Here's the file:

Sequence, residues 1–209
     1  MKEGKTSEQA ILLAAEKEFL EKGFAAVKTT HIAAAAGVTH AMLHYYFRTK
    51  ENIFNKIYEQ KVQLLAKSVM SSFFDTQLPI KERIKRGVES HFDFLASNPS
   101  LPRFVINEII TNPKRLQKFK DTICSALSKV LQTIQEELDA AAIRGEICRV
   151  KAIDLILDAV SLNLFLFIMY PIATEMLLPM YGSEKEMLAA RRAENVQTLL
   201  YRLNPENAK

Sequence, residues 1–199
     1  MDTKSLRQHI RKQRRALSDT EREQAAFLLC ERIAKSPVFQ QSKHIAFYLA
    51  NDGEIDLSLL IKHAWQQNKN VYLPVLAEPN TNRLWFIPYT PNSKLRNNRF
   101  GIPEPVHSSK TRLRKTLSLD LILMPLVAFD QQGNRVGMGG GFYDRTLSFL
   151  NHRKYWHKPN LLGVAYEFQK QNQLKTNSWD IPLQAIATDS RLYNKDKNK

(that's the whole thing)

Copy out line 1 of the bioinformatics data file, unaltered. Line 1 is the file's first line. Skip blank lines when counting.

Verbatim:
Sequence, residues 1–209